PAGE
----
34 CFR 300.320(b) - WAC 392-172A-03090(1)(j)

Center for Change In Transition Services
Seattle University
Remote and Rural:
Transition Services
Website: www.seattleu.edu/ccts
Email: CCTS@seattleu.edu
Phone: 206.296.6494
• Review of Transition Services
• Challenges in remote and rural districts
• Solutions
• Local labor market analysis
• Student interest surveys and career planning
• Use online tools to create job discovery
34 CFR 300.320(b) - WAC 392-172A03090(1)(j)(i)
Transition assessment
 The ongoing process of collecting data on the
individual’s needs, strengths, preferences, and
interests as they relate to the demands of
 current and future working environments
 educational, living, personal and social environments
 Assessment data serve as the common
thread in the transition process to form the basis
for defining goals and services to be included in
the IEP. These data are gathered from multiple sources.
Review: Transition Services
High school completion
Post-secondary participation
Community Inclusion
• Living Situations
• Daily Living Activities
• Adult service agency connections
Goals of Transition Planning
• Opportunities for internships, job shadows, and
employment are limited in remote and rural areas
• Limited local industries
• Economic challenges
• Transportation
• Limited support programs for individuals with
• Teachers may not have training in transition services
(and may be teaching K-12 special education!)
• Local Labor Market Analysis
• What are your local and community resources?
• How do you develop opportunities for your students?
• Use of online tools create opportunities not
previously available
Wealth of in-depth career information
Virtual job shadows
Training and degree programs
Keep up with ever-changing job market
• Career Clusters and Pathways
(Agriculture, Architecture & Construction, Arts,
A/V Technology & Communications, Business
Management & Administration, Education & Training,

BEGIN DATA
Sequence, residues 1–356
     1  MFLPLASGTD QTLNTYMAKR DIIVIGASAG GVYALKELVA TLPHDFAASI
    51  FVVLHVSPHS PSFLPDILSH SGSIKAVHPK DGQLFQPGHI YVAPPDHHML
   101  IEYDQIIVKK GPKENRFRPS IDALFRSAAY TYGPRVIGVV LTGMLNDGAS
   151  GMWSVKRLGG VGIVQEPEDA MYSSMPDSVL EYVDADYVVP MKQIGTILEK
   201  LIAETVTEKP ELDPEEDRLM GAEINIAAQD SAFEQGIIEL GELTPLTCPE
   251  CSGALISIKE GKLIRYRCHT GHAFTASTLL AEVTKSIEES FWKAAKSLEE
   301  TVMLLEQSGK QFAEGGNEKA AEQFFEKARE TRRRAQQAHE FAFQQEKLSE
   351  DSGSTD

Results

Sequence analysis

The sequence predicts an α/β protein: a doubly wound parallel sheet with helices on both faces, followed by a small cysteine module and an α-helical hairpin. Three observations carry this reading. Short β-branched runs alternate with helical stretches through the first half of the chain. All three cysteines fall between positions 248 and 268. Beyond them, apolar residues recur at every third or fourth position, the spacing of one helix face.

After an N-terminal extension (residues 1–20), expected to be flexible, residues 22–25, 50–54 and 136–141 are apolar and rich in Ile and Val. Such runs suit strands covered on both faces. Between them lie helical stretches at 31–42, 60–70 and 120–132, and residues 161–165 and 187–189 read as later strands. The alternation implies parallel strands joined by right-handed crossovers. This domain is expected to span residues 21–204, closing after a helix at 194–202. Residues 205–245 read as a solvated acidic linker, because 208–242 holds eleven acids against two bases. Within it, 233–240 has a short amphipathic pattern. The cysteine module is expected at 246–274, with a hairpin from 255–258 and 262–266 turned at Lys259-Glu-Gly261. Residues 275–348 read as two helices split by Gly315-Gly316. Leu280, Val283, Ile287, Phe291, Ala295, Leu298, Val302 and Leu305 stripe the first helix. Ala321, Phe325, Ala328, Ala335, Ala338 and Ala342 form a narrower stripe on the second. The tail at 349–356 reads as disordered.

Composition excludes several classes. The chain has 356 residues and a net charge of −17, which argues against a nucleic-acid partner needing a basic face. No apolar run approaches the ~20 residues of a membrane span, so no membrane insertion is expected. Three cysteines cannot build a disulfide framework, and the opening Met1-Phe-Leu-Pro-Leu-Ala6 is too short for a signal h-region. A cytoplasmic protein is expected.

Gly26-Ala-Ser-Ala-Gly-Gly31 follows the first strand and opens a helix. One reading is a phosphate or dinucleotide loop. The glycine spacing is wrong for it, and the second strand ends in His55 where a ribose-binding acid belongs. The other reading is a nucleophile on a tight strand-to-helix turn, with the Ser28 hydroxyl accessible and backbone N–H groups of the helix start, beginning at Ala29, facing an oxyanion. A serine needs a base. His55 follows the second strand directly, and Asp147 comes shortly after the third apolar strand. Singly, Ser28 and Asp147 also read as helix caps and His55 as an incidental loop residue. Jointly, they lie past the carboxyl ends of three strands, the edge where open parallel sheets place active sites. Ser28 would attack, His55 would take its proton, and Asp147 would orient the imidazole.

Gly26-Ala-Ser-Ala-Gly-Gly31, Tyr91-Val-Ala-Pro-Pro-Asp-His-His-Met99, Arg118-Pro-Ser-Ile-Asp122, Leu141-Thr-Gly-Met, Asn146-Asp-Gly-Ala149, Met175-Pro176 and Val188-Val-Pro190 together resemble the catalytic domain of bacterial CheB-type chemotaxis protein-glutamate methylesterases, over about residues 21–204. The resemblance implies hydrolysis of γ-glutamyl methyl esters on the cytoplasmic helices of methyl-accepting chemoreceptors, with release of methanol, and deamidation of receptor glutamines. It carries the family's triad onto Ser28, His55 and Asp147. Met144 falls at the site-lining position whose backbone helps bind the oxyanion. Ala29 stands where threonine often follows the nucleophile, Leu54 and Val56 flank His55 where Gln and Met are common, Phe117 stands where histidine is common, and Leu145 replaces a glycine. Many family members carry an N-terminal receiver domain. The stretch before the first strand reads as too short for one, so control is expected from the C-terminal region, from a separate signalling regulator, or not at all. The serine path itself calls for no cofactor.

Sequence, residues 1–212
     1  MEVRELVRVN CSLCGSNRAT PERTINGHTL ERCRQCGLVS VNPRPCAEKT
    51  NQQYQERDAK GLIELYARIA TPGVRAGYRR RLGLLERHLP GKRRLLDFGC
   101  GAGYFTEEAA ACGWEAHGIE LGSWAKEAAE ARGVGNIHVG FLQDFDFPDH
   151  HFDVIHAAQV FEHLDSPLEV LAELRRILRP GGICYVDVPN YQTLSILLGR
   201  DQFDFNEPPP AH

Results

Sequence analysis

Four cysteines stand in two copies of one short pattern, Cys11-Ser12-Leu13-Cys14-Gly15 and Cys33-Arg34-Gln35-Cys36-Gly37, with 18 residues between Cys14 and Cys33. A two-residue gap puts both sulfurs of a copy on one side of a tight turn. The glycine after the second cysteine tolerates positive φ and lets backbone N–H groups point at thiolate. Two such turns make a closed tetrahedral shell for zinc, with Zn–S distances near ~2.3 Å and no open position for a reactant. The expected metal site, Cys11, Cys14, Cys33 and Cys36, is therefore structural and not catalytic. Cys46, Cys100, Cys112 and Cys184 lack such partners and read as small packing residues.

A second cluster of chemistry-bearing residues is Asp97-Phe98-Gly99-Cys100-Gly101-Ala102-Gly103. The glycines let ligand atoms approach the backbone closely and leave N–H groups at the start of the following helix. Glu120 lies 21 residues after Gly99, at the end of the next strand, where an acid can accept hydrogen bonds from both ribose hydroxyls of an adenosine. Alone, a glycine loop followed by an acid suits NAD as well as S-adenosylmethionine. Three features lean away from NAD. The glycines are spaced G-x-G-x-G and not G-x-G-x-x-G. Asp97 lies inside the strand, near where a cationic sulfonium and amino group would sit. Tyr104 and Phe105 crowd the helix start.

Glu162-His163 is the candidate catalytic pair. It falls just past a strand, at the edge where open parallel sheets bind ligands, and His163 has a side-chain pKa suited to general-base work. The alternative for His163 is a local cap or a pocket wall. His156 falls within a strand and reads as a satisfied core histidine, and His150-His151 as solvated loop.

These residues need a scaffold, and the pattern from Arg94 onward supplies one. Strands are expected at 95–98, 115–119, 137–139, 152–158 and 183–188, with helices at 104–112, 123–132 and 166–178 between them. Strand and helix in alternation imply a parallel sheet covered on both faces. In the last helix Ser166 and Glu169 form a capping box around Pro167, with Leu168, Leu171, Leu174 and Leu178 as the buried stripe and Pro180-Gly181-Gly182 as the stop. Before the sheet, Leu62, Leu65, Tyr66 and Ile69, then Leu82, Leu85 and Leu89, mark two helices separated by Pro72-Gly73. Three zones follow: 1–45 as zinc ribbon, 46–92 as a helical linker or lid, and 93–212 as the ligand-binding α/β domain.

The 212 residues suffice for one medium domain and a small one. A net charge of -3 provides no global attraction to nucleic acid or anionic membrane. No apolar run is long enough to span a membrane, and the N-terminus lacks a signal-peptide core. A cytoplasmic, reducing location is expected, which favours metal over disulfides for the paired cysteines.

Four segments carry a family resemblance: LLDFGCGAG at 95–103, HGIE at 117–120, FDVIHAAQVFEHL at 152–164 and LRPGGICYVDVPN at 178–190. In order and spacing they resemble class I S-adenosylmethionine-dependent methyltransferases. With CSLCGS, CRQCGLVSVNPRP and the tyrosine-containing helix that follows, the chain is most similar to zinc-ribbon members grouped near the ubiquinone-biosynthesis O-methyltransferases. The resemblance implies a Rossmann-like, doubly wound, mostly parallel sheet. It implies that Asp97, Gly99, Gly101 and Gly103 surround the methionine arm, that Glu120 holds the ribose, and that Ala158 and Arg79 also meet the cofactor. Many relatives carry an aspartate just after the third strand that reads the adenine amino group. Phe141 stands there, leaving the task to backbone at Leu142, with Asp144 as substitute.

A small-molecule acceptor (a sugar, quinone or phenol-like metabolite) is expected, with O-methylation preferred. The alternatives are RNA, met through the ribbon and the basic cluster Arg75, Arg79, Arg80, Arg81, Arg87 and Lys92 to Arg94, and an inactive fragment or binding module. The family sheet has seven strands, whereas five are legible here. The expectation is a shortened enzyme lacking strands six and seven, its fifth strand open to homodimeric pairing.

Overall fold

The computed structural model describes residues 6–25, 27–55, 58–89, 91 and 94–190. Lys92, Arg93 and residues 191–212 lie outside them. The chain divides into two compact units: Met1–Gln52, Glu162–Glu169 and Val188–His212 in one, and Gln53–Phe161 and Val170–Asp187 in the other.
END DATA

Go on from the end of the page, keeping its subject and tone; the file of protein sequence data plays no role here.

Finance, Health Science, Hospitality & Tourism, Human
Services, Information Technology, Law & Public Safety,
Manufacturing, Marketing, Science Technology,
Local Labor Market Analysis
• ACT’s Career Clusters
• Administration & Sales, Business Operations, Technical,
Science & Technology, Arts, Social Service
• ACT’s World of Work Map
Labor Market Analysis
• Springdale, pop. 279 (2009 census)
• 38 miles to Spokane (51 minutes on good, dry roads.
• Median household income: $27,760.00
• Median gross rent: $725.00
• Information gathered from: http://www.city-data.com/
Town: Springdale
Chamber of Commerce
Geronimo’s Restaurant
Springdale Grocery
Kountry Korner
Community Depot
Mary Walker School
Frontier Days Rodeo Association
Springdale: Resources
Farmer’s Market
Tree of Sharing
Cottage Industries (quilting, painting, pottery,
jewelry, bread making)
• Masseuse
• Higher Elevations Company (HVAC)
• Homestead Caskets
Springdale: Resources
Springdale Community Health Center
Springdale Community Dental Clinic
McKillip & Associates Consulting (Family Counseling)
Deer Park Family Care Clinic
Loon Lake Community Health Center
Northeast Washington Alliance Counseling Services
Wendy Biondi, Deer Park
Professional Hearing HealthCare, Deer Park
Springdale: Resources
• Most common industries in Ferry County
• Health care (19%)
• Construction (13%)
• Agriculture, forestry, fishing and hunting (11%)
• Wood products (8%)
• Metal and metal products (6%)
• Educational services (6%)
• Public administration (5%)
Accommodation and food services (4%)
County: Ferry
• Most common industries, continued
• Accommodation and food services (8%)
• Public administration (6%)
• Social assistance (6%)
• Food and beverage stores (4%)
• Finance and insurance (3%)
Read more: http://www.citydata.com/county/Stevens_CountyWA.html#ixzz1ljn2MuLM
County: Ferry
• Teach a lesson or unit on career clusters
• Identify all the businesses and organizations in town
• Identify specific jobs within those businesses and
• Sort jobs into career clusters
• Sort jobs by level of training/education required,
temperaments, use of data, etc.
• Have students do as much of this work as possible
Develop relationships with local business/organizations
Join Chamber of Commerce
Visit and get on the agenda at the Grange
Take students with you!
Develop job shadows
Develop job sampling opportunities
Develop data base for all contacts
• Once we have completed the local labor market
analysis and determined the jobs that are
available, we return to the Age-Appropriate
Transition Assessment
• If it has not been completed already, do a career
• This includes an interest and skills survey
Applying the Analysis
• O*Net Interest Profiler
• Keirsey Temperament Sorter
(KTS-II) www.keirsey.com
• Inside Jobs
• Career exploration website with
job information including basic
tasks and responsibilities,
statistics, career paths, links to
education sites, and video
Career Resources
• Completely free
• Downloadable software and hard copies available
• Self-Administered test
O*Net Interest Profiler
Basic Skills Assessment is free
Additional reports can be purchased
Volume purchase programs available
Self-Administered test
• Completely free
• Lots of information that draws from
O*Net’s government data as well as
other sources
• Divided into 10 career families that are
easy to navigate and browse
Developing Transition Services: QuIST
Their Stories: Post-School Leavers
Transition: Connecting the Dots
How Did We Do? Following Our Students
Upcoming Webinars
Thank You from CCTS!